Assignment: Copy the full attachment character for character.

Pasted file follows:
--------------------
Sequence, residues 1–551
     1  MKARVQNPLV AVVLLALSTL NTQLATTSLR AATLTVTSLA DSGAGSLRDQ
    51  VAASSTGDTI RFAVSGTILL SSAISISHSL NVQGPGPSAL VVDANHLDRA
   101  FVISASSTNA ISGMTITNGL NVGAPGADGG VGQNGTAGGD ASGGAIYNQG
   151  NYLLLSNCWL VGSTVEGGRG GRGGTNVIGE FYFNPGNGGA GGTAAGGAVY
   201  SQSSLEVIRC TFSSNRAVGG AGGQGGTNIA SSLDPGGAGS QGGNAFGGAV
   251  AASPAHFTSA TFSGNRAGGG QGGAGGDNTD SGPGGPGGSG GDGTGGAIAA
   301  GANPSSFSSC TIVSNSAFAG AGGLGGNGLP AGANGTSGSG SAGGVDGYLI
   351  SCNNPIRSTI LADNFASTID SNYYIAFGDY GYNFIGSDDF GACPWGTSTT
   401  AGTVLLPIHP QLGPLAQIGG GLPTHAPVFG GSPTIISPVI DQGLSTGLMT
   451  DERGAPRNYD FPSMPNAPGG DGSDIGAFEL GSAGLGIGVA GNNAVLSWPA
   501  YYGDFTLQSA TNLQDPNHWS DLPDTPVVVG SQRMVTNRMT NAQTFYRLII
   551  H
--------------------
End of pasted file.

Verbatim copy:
Sequence, residues 1–551
     1  MKARVQNPLV AVVLLALSTL NTQLATTSLR AATLTVTSLA DSGAGSLRDQ
    51  VAASSTGDTI RFAVSGTILL SSAISISHSL NVQGPGPSAL VVDANHLDRA
   101  FVISASSTNA ISGMTITNGL NVGAPGADGG VGQNGTAGGD ASGGAIYNQG
   151  NYLLLSNCWL VGSTVEGGRG GRGGTNVIGE FYFNPGNGGA GGTAAGGAVY
   201  SQSSLEVIRC TFSSNRAVGG AGGQGGTNIA SSLDPGGAGS QGGNAFGGAV
   251  AASPAHFTSA TFSGNRAGGG QGGAGGDNTD SGPGGPGGSG GDGTGGAIAA
   301  GANPSSFSSC TIVSNSAFAG AGGLGGNGLP AGANGTSGSG SAGGVDGYLI
   351  SCNNPIRSTI LADNFASTID SNYYIAFGDY GYNFIGSDDF GACPWGTSTT
   401  AGTVLLPIHP QLGPLAQIGG GLPTHAPVFG GSPTIISPVI DQGLSTGLMT
   451  DERGAPRNYD FPSMPNAPGG DGSDIGAFEL GSAGLGIGVA GNNAVLSWPA
   501  YYGDFTLQSA TNLQDPNHWS DLPDTPVVVG SQRMVTNRMT NAQTFYRLII
   551  H